At 18, an age where most haven’t figured out their future, Jason Trotzuk already found his passion: hand-painting denim in his parents’ basement. The Canadian denim-maker, who now calls Vancouver home, is still as passionate about denim as he was back then. Case in point, his latest high-end denim line, Fidelity Denim.
But what’s so special about Fidelity? The line only features stretch jeans because a "A great denim cut in the right shape should shape and mold, meaning it should define your tush a little bit, and it should shape your legs."
Omiru had the chance to chat with the dashing denim designer, who dished about the story behind his company name, why he loves dark skinny jeans so much, and the reason fit is the most important factor in denim design.
O: Why Fidelity? Is there a story behind the name?
JT: If you want to make denim the right way, it’s a full time job. The more devotion you put into it, the better the product is. Long story short, I was looking for a name that would be a right name for the brand, which I wanted to make into a way of life. I was reading an article on Prince, my favorite since he marches to his own drum. It talked about how he had fidelity for his music, and I realized I never knew was fidelity meant. I looked it up in the dictionary, and found out that fidelity means a faith and devotion to someone or something. I thought to myself, "Wow that’s a pretty powerful word." And I had my name.
O: Do you find it hard to strike a balance between classic and trendy?
JT: It’s very hard. I want to make a timeless pair of jeans, but in this day and age, because of the media, people are often fixated on gimmicks. I have been tempted so many times to come up with crazy branding in logo-ing, but at the end of the day, I decided to remain true to the classic jeans. I work in the box, but I work on the very outer edges of the box.
O: Writer’s often experience writer’s block when they run out of ideas. Do you ever experience designer’s block?
JT: Your being a writer and my being a designer, you and I can agree on one thing: every time I sit down to design a season, all I know is that there is a lot of pain coming down the pipes. You have to re-work it and re-work it. I’ll have nightmares on washes and fit. I’ll go over something little for over a week. But if you don’t have any pain, you don’t have any breakthroughs. I know when I’ve done a good line when it’s been a really painful and agonizing experience.
O: Fidelity is known for its amazing fit. How important to do you think fit is when it comes to choosing the right pair of jeans? And do you think it’s more important than fabric and finish?
JT: Fit, fabric and finish–they all have their place. You can take a cheap fabric and a high-end fabric and make the same garment with the same pattern. And when you put it on a person, the two will fit completely different. Both finish and fabric have importance, but at the end of the day, I think fit is the holy grail of women’s denim search. A pair of jeans can an unknown name, or it can have a very well-known name, but when a woman tries it on, if it fits, that’s it. I can have all the prints or great fabric in the world, but if a woman comes in and tries on my jeans and they don’t fit, I have made a big mistake.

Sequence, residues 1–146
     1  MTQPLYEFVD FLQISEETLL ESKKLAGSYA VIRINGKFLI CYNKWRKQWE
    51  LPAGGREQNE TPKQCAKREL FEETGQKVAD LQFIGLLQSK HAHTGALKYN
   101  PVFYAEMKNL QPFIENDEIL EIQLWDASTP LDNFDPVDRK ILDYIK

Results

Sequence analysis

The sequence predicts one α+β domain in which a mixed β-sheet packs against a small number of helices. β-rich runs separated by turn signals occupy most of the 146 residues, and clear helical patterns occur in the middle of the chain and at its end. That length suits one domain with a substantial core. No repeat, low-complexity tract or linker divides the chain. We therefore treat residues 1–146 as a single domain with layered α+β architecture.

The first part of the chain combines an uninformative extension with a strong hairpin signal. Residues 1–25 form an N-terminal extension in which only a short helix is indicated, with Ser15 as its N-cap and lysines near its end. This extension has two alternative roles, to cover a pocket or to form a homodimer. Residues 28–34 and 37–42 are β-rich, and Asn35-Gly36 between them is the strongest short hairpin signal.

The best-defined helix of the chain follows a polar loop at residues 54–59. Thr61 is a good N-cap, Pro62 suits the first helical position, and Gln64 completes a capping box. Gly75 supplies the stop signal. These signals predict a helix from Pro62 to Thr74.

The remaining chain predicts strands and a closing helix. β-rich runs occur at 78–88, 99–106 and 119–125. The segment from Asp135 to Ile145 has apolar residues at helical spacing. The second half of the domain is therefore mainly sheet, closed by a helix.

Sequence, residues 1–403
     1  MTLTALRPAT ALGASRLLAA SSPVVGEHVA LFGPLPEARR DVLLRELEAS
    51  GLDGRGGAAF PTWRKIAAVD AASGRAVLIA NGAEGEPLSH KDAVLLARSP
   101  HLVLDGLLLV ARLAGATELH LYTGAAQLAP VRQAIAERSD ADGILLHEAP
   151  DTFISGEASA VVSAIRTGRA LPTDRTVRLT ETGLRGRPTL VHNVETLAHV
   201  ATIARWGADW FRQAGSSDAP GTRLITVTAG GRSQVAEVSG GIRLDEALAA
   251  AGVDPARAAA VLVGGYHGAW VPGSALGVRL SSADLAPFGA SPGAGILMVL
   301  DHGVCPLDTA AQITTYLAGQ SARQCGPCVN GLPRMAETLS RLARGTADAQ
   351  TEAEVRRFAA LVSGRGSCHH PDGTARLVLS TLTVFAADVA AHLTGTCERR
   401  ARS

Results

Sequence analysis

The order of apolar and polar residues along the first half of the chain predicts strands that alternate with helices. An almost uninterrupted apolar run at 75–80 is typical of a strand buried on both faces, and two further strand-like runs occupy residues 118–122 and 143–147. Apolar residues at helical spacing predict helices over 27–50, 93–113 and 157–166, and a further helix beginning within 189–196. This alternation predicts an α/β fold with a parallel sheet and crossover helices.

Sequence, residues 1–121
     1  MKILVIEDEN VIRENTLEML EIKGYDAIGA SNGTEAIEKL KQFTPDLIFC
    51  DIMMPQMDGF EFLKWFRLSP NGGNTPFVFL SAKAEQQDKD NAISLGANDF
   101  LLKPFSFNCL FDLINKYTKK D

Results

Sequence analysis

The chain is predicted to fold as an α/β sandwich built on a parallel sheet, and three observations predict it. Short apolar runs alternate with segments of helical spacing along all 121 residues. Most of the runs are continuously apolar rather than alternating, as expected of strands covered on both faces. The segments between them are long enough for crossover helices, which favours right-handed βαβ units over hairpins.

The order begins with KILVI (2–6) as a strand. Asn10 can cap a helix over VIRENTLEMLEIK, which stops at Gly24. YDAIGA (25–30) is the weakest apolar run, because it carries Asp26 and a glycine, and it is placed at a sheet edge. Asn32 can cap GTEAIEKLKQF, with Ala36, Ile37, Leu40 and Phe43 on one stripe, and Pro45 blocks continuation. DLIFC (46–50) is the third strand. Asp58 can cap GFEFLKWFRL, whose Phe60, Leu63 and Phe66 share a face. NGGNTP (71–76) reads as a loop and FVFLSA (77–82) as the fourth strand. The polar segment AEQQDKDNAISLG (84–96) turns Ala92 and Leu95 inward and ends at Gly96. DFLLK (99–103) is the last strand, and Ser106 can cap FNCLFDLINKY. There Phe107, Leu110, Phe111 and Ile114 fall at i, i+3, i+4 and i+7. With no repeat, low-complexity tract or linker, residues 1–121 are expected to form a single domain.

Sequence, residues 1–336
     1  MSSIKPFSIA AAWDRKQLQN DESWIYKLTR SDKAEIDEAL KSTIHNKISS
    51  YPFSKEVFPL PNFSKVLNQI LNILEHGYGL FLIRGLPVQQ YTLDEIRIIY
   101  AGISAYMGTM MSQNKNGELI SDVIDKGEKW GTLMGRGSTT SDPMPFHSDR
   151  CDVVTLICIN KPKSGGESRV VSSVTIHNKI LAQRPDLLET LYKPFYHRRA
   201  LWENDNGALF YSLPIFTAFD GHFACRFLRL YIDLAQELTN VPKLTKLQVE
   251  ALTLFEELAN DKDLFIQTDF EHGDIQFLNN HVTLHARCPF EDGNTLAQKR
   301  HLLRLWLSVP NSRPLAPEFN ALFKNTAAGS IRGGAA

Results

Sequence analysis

O: When it comes to jeans, do you think that expensive equals good?
JT: Yeah. I can say that because I’ve been on both sides. I started off by making cheap jeans, and I thought I knew everything. When it came time for me to tackle this whole high-end game, I quickly realized that what I knew before was going to be useful, but it in no way really defined what a great jean was. I had to rethink and redesign and redevelop me patterns and re-learn how to use denim. Do I believe in high-end denim? Obviously, I do because I make it. I could go back to low end denim but I don’t find it as fun and gratifying and challenging.
O: What can we expect for the fall?
JT: The trend right now is dark and skinny. What I like about dark and skinny is that it’s sexier than hell and you can wear boots with it, and you’re a rock star, and you want to crash cars in it. And that’s the type of thing we need, and that’s the type of thing I love. You’re going to also see black and you’re going to see grey, which is really exciting. Aside from a skinny, I would do a high-zip trouser, which is also very sexy, and it’s probably the future after the skinny.
O: Please clarify: Can all girls wear the latest skinny jeans craze? If not, who should stay away from it?
JT: Girls who are not toothpicks think "Oh I can’t wear the skinny." But I’m going to share one image that comes to mind–Marilyn Monroe. And she was the farthest from skinny. She was the most voluptuous woman to come out of Hollywood. It’s a whole ensemble, and skinny jeans are more of an accessory. You can wear them tucked in, you can wear them tucked out, you can wear them with sneakers, you can wear them with a tank top. It’s an accessory.
O: Quickly…High-rise or low-rise jeans?
O: Skinny or boot-cut?
O: Plain or embellished?
O: Dark or acid-wash?
O: Anything else?
JT: Something Fidelity has that no one else has right now is the jean we have called the Japan Rose with the skinny flare. The Japan Rose (pictured left) is a skinny jean that stays long and skinny until about your calf, then we finish it off with just a little bit of a flair bootcut. It’s a great silhouette and it’s the only thing that’s a must for everyone who wants the sexiness of the skinny.
Add comment November 9th, 2006